Kleefeld's Fanthropology #23: Sokath, His Eyes Uncovered!

Kleefeld's Fanthropology

Several years ago, in the days before GPS, my father was driving through a very rural section of Ohio and found himself rather lost. He was in danger of being late for an engagement, so he swallowed his pride and asked for directions from the one attendant at the one gas station he could find. The attendant, in all earnestness and sincerity started...

Bill Engvall"Sure, you continue down this road for five or ten miles, and then turn left where Fred's old barn used to be."

Clearly, giving someone directions based on landmarks that no longer exist does not help at all, and even the mileage given is pretty vague. When Dad was relaying the story to us later, he added his own commentary by suggesting that "the guy must've lost his sign."

The "sign" referred back to a Bill Engvall comedy routine in which he complained about how some people give you really stupid responses to simple questions. Engvall proposed that if they had a sign around their neck that clearly stated, "I'm stupid" that would spare anyone the bother of asking them questions in the first place because they'd know in advance that any response would be a waste of everyone's time. Our family adopted the idea and referred to people needing a sign any time we came across someone acting particularly stupid. It was essentially a coded message that allowed us to get across an idea to other members of the familywithout blatantly drawing the attention of the person(s) we were annoyed with.

People do this quite a bit, in fact. How many conversations, in person or online, have you had in which people start pulling out movie quotes to comment on any given situation? The bar your friend suggests you avoid becomes a "wretched hive of scum and villainy." The person who needs to step out for just a moment adopts a bad Austrian accent and says, "I'll be back."  The loss of an inexpensive, but valued, item results in claims of how "that rug really tied the room together."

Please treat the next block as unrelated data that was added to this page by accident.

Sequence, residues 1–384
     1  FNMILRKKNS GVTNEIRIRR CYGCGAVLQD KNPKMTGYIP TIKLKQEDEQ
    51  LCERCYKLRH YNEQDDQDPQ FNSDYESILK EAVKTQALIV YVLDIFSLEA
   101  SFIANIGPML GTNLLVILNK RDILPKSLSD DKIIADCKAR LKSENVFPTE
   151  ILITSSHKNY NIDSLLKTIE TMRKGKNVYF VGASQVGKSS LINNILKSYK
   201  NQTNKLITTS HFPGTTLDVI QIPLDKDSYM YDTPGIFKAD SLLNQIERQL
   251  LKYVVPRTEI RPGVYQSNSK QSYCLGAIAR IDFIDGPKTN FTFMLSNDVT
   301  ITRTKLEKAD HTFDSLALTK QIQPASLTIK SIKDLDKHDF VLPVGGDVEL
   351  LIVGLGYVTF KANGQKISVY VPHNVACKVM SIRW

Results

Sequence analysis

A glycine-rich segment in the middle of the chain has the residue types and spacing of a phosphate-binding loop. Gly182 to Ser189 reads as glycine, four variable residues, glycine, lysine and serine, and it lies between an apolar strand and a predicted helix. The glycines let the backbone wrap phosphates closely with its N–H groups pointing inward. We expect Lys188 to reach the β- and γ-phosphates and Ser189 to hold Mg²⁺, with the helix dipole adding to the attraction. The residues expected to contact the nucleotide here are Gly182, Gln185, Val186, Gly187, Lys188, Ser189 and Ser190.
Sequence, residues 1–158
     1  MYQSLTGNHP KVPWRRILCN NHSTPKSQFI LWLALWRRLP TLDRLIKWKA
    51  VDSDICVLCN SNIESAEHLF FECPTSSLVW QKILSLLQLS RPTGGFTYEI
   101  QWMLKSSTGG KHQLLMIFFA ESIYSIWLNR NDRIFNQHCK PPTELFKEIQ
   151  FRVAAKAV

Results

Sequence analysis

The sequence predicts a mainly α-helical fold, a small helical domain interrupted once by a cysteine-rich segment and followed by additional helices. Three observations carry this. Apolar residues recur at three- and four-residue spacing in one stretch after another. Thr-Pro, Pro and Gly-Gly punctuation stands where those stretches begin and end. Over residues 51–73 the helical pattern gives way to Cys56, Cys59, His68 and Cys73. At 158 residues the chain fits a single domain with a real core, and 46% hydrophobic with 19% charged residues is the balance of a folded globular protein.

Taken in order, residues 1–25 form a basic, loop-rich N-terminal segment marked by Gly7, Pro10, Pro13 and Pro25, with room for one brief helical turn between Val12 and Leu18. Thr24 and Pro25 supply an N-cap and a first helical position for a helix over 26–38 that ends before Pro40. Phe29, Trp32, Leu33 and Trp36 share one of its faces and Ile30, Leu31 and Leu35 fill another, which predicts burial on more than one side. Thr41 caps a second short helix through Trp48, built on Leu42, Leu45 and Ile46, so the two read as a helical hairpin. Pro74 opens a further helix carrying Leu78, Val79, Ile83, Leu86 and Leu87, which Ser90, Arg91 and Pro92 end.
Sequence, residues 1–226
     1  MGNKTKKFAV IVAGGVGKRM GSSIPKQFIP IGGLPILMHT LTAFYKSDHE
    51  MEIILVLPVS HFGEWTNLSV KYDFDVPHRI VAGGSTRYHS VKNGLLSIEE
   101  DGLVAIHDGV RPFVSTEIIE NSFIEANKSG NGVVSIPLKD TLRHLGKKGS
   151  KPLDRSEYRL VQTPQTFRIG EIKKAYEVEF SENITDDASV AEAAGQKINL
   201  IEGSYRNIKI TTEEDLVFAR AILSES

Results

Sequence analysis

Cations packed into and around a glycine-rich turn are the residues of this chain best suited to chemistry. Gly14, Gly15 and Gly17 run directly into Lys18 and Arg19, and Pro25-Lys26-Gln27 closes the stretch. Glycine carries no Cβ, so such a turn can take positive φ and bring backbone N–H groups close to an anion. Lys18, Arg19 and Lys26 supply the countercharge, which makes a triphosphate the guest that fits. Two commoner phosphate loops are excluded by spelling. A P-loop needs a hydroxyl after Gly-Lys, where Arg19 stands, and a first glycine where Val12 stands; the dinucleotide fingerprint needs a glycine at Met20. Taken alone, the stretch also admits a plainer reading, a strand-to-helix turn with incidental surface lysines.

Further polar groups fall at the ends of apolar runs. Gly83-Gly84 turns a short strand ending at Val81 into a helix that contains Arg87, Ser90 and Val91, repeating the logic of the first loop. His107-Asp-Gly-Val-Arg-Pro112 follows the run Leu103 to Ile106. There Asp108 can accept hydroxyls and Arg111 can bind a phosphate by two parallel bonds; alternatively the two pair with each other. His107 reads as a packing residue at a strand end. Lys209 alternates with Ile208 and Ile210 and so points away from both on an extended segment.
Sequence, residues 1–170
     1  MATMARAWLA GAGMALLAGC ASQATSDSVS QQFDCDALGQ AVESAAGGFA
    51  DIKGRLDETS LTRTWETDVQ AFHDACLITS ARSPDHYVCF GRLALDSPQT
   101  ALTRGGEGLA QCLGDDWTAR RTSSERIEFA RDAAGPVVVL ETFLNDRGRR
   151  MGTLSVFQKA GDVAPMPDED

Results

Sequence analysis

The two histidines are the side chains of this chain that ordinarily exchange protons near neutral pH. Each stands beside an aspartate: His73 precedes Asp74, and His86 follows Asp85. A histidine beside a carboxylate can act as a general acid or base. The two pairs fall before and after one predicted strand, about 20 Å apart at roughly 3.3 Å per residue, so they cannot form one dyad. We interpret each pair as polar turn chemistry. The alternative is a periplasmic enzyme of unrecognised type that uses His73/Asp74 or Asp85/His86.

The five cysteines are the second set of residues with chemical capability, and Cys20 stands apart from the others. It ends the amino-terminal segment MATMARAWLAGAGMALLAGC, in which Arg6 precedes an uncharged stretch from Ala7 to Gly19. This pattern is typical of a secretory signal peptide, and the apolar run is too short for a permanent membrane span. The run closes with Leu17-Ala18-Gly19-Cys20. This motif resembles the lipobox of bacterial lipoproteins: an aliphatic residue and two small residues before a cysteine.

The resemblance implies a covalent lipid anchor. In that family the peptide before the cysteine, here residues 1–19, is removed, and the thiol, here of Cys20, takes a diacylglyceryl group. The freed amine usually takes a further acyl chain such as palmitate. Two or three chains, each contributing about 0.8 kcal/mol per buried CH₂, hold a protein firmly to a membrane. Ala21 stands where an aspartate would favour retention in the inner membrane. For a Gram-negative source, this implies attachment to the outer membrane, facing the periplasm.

The references act as social touchstones. They encapsulate a scenario and all the emotions connected with it in a manner that only people who have seen the movie can fully understand and appreciate. It's not just the idea of comparing a rug to whatever it is you may have lost, it's the loss of one of your few possessions of emotional value, at the hands of perhaps physically painful and perhaps illegal means. It's about trying to continue on with what little you have, and how you don't ask for much, but you keep finding yourself thwarted by those richer and more powerful than you. But you're going to continue grooving on as best as you can, because that's all you really can do. All of that is summed up in "that rug really tied the room together" because it refers to the broader context of "The Big Lebowski." And anyone who's seen that movie understands the significance of that quote relative to the whole plot of the movie, and the characters involved in it.

The quote becomes an abbreviation of a story or scene, which is used as a metaphor for the siutation.

But it's a metaphor only for those familiar with it. Check out this recent strip from Scott Kurtz's PvP comic...


It's easy enough to follow along the basic idea of what's happening, even if you're not familiar with the characters, but to understand punchline, you need to have seen "Ghostbusters" and recall who the Gatekeeper and Keymaster were, as well as what happened when they met. I suspect most of Kurtz's audience is familiar with all of that, but someone coming to this from outside that circle might find this strip falls flat.

I've managed to get through most of this week's column without referring to where the title comes from. One of the well-received episodes of "Star Trek: The Next Generation" was called "Darmok." In it, the Enterprise meets with an alien race called Tamarians. The Federation has met with them before, and is able to translate their language, but it makes no sense. The words are recognizable and understandable, but their meanings are lost. Captain Picard is forced to join alongside the Tamarian captain in a sort of an isolated wilderness survival meeting. Eventually, Picard realizes that the Tamarians speak only in metaphors, referring to stories and events in their history to provide direction and context to others. Not knowing that history made it seem to the Federation like they were spouting nonsense.

This episode is essentially a thought expierment in taking the notion of cultural metaphors to an extreme. The Tamarians aren't understanable because everything they say is effectively a movie quote from some movie you've never seen. There's no context for people who aren't in that culture to comprehend the real meaning, and all the emotional implications that come with the quote. "Shaka, when the walls fell," to cite the show in context here.

Does that mean we need to see every movie and TV show, and absorb every bit of pop culture? Of course not; that would be impossible. But in order to understand and appreciate the perspective of someone who tells you to "go away or I shall taunt you a second time," it might help to find out what they're quoting and it's original. You might make some interesting discoveries in the process! Sokath, His Eyes Uncovered!


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